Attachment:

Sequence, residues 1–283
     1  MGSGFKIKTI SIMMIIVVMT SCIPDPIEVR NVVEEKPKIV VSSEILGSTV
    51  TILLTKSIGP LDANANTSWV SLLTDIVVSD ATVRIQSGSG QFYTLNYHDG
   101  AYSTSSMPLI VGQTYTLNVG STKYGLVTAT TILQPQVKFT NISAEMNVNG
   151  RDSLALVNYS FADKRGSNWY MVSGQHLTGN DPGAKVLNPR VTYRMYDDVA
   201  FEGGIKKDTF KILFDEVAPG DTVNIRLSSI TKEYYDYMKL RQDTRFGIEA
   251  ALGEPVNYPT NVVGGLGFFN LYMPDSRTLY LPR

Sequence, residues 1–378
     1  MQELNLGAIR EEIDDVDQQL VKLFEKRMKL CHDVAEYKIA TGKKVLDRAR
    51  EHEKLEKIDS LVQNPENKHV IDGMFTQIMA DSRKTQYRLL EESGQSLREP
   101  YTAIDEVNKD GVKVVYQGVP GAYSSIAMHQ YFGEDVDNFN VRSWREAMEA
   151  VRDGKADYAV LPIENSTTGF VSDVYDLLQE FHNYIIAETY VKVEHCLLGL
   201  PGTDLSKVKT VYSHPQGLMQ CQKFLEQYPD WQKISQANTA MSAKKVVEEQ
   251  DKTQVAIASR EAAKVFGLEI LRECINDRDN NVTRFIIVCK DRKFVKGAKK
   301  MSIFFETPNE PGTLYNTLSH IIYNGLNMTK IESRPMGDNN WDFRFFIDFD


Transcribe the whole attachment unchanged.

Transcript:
Sequence, residues 1–283
     1  MGSGFKIKTI SIMMIIVVMT SCIPDPIEVR NVVEEKPKIV VSSEILGSTV
    51  TILLTKSIGP LDANANTSWV SLLTDIVVSD ATVRIQSGSG QFYTLNYHDG
   101  AYSTSSMPLI VGQTYTLNVG STKYGLVTAT TILQPQVKFT NISAEMNVNG
   151  RDSLALVNYS FADKRGSNWY MVSGQHLTGN DPGAKVLNPR VTYRMYDDVA
   201  FEGGIKKDTF KILFDEVAPG DTVNIRLSSI TKEYYDYMKL RQDTRFGIEA
   251  ALGEPVNYPT NVVGGLGFFN LYMPDSRTLY LPR

Sequence, residues 1–378
     1  MQELNLGAIR EEIDDVDQQL VKLFEKRMKL CHDVAEYKIA TGKKVLDRAR
    51  EHEKLEKIDS LVQNPENKHV IDGMFTQIMA DSRKTQYRLL EESGQSLREP
   101  YTAIDEVNKD GVKVVYQGVP GAYSSIAMHQ YFGEDVDNFN VRSWREAMEA
   151  VRDGKADYAV LPIENSTTGF VSDVYDLLQE FHNYIIAETY VKVEHCLLGL
   201  PGTDLSKVKT VYSHPQGLMQ CQKFLEQYPD WQKISQANTA MSAKKVVEEQ
   251  DKTQVAIASR EAAKVFGLEI LRECINDRDN NVTRFIIVCK DRKFVKGAKK
   301  MSIFFETPNE PGTLYNTLSH IIYNGLNMTK IESRPMGDNN WDFRFFIDFD